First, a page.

The University’s Carey School of Business recently announced that it is planning on launching a drastic redesign of its Master of Business Administration program.
The changes, which should become part of the curriculum in Fall 2020, will offer two additional pathways toward the degree.
The analytics, leadership and innovation pathway will offer an increased focus on the analytical aspects of business. The health, technology and innovation pathway will focus on health care. The latter pathway seeks to utilize the University’s strength in medicine to help students become leaders in health-care management.
Washington State University faculty who are studying or using artificial intelligence (AI) in their work now have a resource for building collaboration and research efforts.
A new web portal includes information to connect faculty interested in AI across WSU, serving as a resource for researchers as well as for collaborators and supporters.
“AI is a rapidly expanding field of research at WSU—both from the fundamental science and engineering as well as applications perspectives,” said Chris Keane, vice president of research. “We want to provide a point of contact to identify AI research areas that match with WSU faculty and staff research interests and capabilities as well as a place to identify current and emerging research opportunities.”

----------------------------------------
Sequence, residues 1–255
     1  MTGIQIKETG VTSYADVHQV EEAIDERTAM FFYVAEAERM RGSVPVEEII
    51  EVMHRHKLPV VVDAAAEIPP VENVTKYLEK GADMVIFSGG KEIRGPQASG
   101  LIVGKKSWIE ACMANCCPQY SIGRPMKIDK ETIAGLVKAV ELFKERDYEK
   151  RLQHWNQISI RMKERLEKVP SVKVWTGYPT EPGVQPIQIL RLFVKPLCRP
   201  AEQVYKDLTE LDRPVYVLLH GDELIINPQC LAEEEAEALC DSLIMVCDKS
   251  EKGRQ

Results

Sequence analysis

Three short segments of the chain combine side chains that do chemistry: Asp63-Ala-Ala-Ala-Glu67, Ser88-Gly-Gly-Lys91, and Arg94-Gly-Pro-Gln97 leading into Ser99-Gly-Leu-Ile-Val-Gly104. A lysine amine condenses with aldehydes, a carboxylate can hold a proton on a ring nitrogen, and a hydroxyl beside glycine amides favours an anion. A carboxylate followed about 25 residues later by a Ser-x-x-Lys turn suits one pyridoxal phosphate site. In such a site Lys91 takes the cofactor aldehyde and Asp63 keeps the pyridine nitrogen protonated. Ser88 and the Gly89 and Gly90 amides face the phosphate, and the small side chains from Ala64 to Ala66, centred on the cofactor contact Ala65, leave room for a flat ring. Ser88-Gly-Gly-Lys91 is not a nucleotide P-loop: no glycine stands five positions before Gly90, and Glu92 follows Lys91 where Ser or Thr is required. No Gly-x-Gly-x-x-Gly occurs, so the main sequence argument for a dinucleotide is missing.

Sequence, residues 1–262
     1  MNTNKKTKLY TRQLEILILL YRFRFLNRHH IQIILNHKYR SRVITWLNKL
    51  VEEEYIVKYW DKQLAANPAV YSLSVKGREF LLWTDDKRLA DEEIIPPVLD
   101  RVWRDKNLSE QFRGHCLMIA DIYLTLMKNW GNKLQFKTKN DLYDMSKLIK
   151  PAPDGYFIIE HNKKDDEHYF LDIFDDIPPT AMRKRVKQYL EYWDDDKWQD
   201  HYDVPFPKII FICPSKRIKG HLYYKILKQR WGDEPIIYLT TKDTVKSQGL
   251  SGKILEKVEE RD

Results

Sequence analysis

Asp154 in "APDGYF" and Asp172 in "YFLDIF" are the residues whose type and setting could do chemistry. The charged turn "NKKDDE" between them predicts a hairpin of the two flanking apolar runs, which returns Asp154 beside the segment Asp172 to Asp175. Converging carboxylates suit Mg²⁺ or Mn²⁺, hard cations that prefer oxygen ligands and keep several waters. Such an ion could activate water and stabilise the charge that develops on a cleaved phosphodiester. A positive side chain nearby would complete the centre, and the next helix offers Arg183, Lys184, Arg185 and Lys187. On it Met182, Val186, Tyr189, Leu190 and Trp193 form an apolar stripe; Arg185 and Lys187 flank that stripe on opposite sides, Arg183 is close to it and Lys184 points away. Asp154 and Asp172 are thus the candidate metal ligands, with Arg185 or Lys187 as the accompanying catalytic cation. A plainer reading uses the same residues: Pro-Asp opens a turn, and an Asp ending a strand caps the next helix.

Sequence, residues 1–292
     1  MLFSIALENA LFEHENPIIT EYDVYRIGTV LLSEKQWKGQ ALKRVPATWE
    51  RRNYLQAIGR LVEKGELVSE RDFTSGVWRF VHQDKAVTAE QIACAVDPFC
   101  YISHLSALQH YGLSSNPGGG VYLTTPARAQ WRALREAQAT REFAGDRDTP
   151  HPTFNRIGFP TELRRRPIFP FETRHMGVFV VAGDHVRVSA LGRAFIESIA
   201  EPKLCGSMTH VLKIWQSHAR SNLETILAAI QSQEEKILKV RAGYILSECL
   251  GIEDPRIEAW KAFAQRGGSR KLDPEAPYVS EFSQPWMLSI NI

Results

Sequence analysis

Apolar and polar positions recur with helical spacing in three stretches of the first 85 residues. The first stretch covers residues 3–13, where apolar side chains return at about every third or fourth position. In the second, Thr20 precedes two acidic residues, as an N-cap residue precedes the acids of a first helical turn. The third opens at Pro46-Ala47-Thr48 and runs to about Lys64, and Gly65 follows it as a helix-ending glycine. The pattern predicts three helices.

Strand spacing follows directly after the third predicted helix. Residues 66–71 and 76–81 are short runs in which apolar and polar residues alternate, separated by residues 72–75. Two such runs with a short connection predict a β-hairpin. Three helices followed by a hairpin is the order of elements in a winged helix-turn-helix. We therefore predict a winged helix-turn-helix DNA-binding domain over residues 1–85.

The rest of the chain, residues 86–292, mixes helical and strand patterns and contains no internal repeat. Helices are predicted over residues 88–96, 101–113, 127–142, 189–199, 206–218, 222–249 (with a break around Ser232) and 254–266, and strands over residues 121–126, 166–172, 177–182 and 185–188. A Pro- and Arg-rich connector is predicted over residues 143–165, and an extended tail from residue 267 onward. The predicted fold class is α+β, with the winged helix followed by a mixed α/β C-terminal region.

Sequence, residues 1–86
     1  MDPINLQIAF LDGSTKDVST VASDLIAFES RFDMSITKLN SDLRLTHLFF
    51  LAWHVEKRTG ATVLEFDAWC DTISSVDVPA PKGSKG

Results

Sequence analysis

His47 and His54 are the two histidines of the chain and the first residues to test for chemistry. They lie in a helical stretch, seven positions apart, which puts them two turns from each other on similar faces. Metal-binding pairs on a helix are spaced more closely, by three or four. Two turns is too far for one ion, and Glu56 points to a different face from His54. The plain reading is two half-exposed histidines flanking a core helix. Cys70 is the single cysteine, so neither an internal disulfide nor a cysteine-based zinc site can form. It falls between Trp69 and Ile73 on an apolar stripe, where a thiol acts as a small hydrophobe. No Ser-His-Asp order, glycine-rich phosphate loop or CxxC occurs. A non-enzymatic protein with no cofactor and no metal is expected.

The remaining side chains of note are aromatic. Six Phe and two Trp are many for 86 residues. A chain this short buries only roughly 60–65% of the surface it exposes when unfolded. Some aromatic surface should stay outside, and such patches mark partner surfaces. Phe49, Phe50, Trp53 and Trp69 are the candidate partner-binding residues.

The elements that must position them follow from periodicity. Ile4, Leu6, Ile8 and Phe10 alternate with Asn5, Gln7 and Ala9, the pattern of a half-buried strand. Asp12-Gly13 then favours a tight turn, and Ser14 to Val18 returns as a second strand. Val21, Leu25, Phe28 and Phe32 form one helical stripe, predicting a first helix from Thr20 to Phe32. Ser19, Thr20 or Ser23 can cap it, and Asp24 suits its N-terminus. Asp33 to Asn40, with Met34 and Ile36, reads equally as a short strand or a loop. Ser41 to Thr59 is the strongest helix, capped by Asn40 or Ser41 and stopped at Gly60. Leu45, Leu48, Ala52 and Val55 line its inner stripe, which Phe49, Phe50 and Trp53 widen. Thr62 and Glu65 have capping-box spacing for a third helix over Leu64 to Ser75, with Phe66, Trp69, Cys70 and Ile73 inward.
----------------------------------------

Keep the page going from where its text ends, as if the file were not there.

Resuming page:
Northeastern associate professors Christoph Riedl and Brooke Foucault Welles are preparing to embark on a three-year project that could yield such a gadget. The researchers will be studying from a social science perspective how teams communicate with each other as well as with smart devices while solving problems together.
“The vision that we have [for this project] is that you would have a device, maybe something like Amazon Alexa, that sits on the table and observes the human team members while they are working on a problem, and supports them in various ways,” says Riedl, an associate professor who studies crowdsourcing, open innovation, and network science. “One of the ways in which we think we can support that team is by ensuring equal inclusion of all team members.”
The pair have received a $1.5 million, three-year grant from the U.S. Army Research Laboratory to study teams using a combination of social science theories, machine learning, and audio-visual and physiological sensors.